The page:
Invisible Voices

a voice for the voiceless

jivamukti yoga

I have a yoga studio that I love that is about a 3.5 minute walk from where I live. That’s part of the love! But it is a great studio overall. A green focus, as is common in the yogic crowd, and the owner and main teacher of the studio is vegetarian, which is also common in the yogic crowd.

But she’s not vegan. And yes, that is also common among yogis who are vegetarian.

I think she even knows a lot of the issues. Or maybe she doesn’t look into them too deeply.

It is cases like this where I end up not really saying anything at all. Yoga class isn’t really the right time for a discussion on animal rights, or the reality behind eggs and dairy. And that’s the only time I see her.

I did give her a calendar. She hasn’t said anything about it, but then she doesn’t know the stories, and how would a picture of Heidi turn you off milk if you didn’t know her story?

So, the yoga studio. She has a great mix of classes, and about once a month does something completely different. A discussion on chakras, a knitting class, or like tonight, a jivamukti yoga class.

I’d never done jivamukti before, had heard of it, but didn’t know much about it. The very brief history is that it was started by people in NYC who thought that we (in America, that is) had lost the root of yoga, and they developed Jivamukti as a way of getting back at the roots, at the core value.

(Anyone else see the irony in this?)

Jiva means “soul” and mukti means “freedom”, more or less.

They have a sort of spiritual aspect, where they focus on ahimsa, non-violence. They have the asanas, which are the physical poses that most people think of as yoga. And they have a lot of chanting.

It was all interesting, and I love having these chances to experience different things, and having them come almost right to my door. Easy is sometimes a good thing!

So, why am I talking about this? Because it blew me away that in the beginning when they were giving us the talk on what Jivamukti Yoga is, and they talked about the focus on ahimsa, they talked about ethical vegetarianism and animal rights.

What I mean is that those very words “ethical vegetarianism” and “animal rights” and yes! even “vegan” were words that were mentioned in this class.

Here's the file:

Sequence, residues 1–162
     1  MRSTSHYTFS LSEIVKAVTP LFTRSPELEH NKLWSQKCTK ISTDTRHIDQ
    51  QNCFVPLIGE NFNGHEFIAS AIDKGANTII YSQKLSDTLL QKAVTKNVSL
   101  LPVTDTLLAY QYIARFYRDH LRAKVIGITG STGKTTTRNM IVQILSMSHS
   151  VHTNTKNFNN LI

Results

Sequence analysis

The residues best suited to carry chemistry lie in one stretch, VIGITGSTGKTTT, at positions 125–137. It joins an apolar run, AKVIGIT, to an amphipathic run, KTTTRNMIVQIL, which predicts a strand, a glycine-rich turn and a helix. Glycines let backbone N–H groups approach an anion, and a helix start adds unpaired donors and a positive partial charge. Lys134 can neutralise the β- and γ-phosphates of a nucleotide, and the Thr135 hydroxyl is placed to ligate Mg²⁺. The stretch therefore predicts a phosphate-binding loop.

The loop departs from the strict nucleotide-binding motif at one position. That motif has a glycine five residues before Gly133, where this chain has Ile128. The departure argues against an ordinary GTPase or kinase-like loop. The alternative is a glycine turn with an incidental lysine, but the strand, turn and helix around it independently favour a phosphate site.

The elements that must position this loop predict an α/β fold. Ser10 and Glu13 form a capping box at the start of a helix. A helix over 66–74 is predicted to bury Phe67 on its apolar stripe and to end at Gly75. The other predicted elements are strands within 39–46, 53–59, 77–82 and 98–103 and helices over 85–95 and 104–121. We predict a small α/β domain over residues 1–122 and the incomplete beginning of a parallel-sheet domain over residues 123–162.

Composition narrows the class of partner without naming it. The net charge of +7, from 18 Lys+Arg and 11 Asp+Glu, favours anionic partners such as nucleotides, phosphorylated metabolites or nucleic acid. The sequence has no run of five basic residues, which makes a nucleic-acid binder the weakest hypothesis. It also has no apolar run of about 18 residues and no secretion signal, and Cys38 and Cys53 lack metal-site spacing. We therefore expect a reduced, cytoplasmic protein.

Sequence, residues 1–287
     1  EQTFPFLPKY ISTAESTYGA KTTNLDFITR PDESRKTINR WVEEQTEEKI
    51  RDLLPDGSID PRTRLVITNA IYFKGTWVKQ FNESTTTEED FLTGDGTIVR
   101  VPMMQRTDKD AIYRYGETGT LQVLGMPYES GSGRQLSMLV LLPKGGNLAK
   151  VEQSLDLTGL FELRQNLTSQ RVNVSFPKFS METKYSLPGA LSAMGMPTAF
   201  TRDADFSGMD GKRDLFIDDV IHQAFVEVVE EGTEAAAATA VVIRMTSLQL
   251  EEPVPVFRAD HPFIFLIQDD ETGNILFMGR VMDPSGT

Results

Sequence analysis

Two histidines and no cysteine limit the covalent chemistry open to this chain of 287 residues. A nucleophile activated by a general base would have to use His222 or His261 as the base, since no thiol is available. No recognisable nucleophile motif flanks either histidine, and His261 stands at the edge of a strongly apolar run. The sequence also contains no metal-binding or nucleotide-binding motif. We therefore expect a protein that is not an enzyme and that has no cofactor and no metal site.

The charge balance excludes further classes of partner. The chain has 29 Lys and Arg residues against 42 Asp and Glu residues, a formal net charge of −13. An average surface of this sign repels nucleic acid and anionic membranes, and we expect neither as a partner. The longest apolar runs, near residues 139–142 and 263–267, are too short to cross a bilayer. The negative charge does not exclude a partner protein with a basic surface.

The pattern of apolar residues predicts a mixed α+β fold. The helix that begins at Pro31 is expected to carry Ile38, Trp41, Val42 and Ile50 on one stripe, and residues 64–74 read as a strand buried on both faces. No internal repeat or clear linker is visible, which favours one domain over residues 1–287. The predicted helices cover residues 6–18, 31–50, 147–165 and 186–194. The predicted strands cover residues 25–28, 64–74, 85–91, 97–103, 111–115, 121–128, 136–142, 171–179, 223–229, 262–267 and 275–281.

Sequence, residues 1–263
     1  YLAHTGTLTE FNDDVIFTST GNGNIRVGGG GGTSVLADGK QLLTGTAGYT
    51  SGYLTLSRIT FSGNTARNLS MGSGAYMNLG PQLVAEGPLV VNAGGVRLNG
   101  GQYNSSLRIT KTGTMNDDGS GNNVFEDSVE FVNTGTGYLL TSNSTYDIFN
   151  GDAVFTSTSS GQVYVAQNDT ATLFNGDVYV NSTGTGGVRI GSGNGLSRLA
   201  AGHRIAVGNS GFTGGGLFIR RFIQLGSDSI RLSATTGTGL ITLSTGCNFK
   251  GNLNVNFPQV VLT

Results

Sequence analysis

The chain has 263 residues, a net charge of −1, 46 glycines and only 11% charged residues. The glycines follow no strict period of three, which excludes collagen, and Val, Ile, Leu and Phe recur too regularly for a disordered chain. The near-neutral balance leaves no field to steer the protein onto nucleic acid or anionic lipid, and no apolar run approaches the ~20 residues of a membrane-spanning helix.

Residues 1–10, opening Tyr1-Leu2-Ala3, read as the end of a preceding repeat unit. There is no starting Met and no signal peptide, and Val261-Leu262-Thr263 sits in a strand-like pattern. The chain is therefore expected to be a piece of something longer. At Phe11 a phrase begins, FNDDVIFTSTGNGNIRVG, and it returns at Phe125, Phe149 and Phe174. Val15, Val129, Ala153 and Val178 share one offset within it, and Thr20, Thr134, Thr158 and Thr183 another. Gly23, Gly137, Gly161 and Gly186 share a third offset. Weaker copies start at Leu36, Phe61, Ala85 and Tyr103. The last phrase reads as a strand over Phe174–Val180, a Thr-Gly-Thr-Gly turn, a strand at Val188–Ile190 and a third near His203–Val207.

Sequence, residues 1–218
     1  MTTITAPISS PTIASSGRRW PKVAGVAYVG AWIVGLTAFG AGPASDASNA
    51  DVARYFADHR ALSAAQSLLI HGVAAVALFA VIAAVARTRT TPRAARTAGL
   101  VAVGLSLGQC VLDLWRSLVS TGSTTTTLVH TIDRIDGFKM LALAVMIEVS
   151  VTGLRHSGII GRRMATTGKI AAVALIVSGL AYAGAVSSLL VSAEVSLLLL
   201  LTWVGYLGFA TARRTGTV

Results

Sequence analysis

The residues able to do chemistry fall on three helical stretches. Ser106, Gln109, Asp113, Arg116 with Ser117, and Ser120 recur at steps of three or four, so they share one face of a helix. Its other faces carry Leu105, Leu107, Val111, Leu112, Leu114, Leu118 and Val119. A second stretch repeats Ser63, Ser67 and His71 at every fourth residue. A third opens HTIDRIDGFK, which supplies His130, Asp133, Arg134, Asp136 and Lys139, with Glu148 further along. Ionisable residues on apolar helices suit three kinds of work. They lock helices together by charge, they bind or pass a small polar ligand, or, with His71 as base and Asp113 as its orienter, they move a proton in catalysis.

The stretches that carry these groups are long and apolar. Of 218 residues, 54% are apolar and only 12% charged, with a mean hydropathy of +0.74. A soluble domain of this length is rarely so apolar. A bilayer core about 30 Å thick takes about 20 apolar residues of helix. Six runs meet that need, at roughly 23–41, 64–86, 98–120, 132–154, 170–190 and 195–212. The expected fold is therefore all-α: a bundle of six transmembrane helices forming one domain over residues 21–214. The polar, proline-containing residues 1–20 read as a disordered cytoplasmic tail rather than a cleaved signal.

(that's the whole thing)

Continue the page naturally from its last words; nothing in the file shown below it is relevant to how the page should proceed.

Maybe others aren’t as excited about this as I am, but I thought it was amazing. I’m so curious now as to whether all the instructors are vegan. Maybe that’s part of their teacher training, that they have to commit to that? Okay, I doubt that’s the case, in reality. I hope that most of the teachers are vegan. And I wonder how many of the students of Jivamukti are vegan, or are at least working towards that.

It was like finding out that there is this whole other group of people doing advocacy for one of your causes, and you hadn’t even known before. That makes it feel like a bonus to me, an extra helping of advocacy.

And there is a book recently published, Yoga and Vegetarianism.

I believe they are using “vegetarian” but are referring to “vegan”, and while I don’t know their specific reasoning behind that, I do know that there are more people in this “movement” than you might think who believe that we should “retake” the true meaning of vegetarianism, which apparently WAS veganism? I’m not up on that argument, and personally feel it is a bit of a lost cause, but when people say “ethical vegetarianism”, which is the phrase I heard over and over, I take that to mean “veganism”. Or at least the food portion of veganism.

Does it include products other than food?

I don’t know that answer, but I’d be interested in finding out.

Meanwhile, if you’re in NYC, go to their organic vegan cafe and take a class and tell me what you think.

7 responses to “jivamukti yoga

  1. jules February 7, 2009 at 4:59 pm

    I was so happy to come across your piece. I am a Jivamukti teacher and it is always cool to hear what others are experiencing in Jivamukti Classes. Did you know each month Jivamukti Yoga has a focus of the month and this months focus is titled “Staya (truthfulness) and Veganism” A discussion around why it is important to connect our food choices with our ability to be honest and how that might lead a practitioner to a heightened state of consciousness…


    oh we might not all be vegan but during the teacher training Omega Institute serves vegan meals yay!

  2. mburgan February 8, 2009 at 10:14 am

    Thanks for the tip on the cafe–since we will be moving back east soon, it’s always nice to know of other dining options in NYC. And on the good news front from the other post: Had a friend inquire about vegan recipes I could send her; not the first in the last few months. So, I guess one step at a time…

  3. haldana February 8, 2009 at 6:33 pm